“The Hand That Rocks the Cradle”, along with “Hand in Glove” and “What Difference Does It Make” are the songs I cannot connect with as much as the others, even though the first is of a personal nature to me with the lyrics concerning an older woman in a romantic relationship with a younger man being quite relatable, although I do admit that it brings the album down. “Hand in Glove”, another piece with homosexual undertones, suffers from a very crowded mix, and shows the limitations of the production’s lo-fi quality, whereas “What Difference Does It Make” is one of the hallowed singles of the band (“I’d leap in front of a flying bullet for you”) and for good reasons: Marr’s riff is nothing short of amazing, yet the track on a whole does not contain the deeply personal and cathartic release that songs A2-A5 do. Besides, it just doesn’t appeal to me as much.

“Still Ill”, on the other hand, is a jangle pop masterpiece. From the drums + muted strings funky intro, to the verse and bridge riffs which I’ve spent hours studying on guitar, to Morrissey’s lyricism cleverly dissecting the state of England (“I decree today that life is simply taking and not giving/England is mine and it owes me a living/But ask me why and I’ll spit in your eye”) and cramming in some homosexual references (“Does the body rule the mind or does the mind rule the body? I don’t know”) and self-analysis (“Under the iron bridge we kissed/And although I ended up with sore lips/It just wasn’t like the old days anymore … /Am I still ill?”). The lyrics and the guitar steal the show completely – though the same sections are repeated, this is an amazingly clever take on the traditional pop song: there is so much ingenuity, both from Marr and Morrissey, to be found on a 3:20 track that it is just jaw-dropping.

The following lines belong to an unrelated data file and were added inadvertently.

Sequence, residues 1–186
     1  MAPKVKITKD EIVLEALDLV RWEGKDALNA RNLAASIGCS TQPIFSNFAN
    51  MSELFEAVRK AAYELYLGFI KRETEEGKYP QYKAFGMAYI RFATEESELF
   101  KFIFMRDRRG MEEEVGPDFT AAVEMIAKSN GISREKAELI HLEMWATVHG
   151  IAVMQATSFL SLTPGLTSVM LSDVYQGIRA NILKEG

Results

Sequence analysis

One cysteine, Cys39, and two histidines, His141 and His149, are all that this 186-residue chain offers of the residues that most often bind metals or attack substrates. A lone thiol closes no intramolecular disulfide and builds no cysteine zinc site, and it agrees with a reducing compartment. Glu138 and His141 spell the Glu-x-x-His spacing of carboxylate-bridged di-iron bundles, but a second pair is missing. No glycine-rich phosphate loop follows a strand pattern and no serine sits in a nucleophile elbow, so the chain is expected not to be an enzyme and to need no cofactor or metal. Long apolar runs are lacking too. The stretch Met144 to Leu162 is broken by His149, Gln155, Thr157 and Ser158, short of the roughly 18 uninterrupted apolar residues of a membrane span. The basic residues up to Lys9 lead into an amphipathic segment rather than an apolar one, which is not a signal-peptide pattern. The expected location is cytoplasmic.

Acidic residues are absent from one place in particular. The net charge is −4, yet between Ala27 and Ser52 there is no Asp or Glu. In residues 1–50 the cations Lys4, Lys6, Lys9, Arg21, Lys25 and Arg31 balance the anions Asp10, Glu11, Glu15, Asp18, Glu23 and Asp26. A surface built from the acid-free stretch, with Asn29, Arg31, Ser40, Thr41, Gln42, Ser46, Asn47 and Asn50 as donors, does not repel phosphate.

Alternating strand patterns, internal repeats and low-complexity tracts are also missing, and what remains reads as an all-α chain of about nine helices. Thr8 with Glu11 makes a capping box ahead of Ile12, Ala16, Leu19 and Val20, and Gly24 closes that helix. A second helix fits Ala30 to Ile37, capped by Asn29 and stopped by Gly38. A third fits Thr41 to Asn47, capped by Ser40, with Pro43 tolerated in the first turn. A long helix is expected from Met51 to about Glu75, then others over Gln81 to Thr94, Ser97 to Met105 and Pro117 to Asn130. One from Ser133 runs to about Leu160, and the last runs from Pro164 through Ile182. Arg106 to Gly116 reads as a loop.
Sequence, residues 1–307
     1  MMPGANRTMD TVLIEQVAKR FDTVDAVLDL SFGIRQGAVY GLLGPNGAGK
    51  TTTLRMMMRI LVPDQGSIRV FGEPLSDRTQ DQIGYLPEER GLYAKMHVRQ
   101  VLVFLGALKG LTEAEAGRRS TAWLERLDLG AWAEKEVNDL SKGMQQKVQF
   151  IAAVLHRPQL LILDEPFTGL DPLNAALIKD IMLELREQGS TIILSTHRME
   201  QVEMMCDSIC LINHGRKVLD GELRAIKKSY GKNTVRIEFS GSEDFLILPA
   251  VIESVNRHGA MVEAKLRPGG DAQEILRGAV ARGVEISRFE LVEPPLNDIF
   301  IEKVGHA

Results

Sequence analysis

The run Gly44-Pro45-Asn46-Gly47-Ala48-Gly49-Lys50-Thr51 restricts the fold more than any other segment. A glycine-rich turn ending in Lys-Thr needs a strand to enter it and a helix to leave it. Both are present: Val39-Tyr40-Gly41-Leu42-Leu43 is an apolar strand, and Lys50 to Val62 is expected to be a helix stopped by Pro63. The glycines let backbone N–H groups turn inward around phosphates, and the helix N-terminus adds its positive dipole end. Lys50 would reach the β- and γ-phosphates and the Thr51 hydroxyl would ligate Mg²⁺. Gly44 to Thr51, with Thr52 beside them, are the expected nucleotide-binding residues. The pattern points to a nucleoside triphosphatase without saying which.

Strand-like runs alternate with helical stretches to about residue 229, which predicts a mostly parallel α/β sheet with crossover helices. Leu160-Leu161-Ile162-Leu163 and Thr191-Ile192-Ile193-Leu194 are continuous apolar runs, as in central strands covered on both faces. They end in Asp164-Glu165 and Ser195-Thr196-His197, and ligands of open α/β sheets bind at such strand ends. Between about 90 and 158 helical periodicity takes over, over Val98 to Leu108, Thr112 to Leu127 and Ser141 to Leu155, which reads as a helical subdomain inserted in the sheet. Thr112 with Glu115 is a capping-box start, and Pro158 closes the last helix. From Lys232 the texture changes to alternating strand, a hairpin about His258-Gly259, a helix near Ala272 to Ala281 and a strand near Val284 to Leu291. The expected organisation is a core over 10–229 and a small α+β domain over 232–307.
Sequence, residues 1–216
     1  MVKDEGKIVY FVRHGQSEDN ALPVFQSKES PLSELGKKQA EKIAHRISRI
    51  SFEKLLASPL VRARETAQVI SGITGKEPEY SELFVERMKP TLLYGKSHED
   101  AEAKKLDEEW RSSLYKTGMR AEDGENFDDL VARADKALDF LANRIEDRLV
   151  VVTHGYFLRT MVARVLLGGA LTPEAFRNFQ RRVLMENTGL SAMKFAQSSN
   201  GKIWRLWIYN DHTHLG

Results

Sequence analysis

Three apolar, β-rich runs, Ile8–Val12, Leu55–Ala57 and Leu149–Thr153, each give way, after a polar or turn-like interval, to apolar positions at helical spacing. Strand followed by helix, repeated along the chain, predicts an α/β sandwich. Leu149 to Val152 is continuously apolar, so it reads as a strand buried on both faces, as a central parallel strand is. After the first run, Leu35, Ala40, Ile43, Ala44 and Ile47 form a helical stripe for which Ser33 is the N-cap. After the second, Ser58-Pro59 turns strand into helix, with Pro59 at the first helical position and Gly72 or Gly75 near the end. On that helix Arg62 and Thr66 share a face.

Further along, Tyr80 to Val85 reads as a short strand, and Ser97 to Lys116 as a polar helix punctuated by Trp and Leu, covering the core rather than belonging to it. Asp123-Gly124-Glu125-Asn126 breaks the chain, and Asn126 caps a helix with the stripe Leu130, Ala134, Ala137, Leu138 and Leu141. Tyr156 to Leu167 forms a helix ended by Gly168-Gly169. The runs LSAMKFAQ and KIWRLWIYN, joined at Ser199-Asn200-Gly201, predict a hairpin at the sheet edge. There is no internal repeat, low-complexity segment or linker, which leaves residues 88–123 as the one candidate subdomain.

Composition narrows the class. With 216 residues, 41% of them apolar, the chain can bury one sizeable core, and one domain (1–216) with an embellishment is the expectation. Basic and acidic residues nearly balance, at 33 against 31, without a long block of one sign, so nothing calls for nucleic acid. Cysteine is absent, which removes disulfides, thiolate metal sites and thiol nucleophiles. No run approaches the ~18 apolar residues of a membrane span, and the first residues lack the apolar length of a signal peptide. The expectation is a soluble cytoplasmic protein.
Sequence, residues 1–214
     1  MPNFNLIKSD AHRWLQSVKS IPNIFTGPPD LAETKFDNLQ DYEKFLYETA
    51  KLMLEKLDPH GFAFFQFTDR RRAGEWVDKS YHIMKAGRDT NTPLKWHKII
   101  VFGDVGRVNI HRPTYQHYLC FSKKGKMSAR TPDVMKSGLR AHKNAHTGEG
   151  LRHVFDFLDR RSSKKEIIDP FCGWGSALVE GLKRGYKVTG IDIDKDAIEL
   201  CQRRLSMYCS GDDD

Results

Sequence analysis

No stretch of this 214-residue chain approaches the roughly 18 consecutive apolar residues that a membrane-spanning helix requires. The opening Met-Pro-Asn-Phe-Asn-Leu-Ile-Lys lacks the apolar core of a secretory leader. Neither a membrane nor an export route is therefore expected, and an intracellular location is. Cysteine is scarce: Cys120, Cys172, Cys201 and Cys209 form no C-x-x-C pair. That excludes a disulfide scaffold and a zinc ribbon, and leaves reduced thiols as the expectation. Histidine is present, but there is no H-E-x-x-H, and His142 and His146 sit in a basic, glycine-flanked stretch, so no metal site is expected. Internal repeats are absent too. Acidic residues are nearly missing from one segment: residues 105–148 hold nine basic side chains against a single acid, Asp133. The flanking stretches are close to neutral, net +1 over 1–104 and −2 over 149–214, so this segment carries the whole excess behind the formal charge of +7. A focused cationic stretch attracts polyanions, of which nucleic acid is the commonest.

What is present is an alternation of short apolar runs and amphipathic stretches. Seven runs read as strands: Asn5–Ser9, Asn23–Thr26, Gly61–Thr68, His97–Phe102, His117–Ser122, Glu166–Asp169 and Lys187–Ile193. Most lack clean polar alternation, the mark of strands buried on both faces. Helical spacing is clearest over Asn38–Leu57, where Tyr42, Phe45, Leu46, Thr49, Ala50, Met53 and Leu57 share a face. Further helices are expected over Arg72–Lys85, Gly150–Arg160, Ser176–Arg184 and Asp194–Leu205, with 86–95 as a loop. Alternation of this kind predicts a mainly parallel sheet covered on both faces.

The last couple of elephants in this room – tracks which people only mention in passing, are the exceptional closing tracks. The guitar part of “I Don’t Owe You Anything” – funky upstrokes and some of the most intricate and fun to play riffs, along with the atmospheric organ, make it sound like an 80s slow jam for dance halls. The lyrics are Morrissey’s take on the “nice guy syndrome”: the protagonist “buys” the other person on “stolen wine” and so walks “all this way” to their house, just to hear them say that they don’t want to go out tonight, to which the protagonist bluntly claims “I don’t owe you anything tonight/But you owe me something/Repay me now!” before trying to emotionally manipulate the other (“You should not go to them/Let them come to you/Just like I do”). The real gem of this Morrissey’s lyricism comes in the form of the final lines: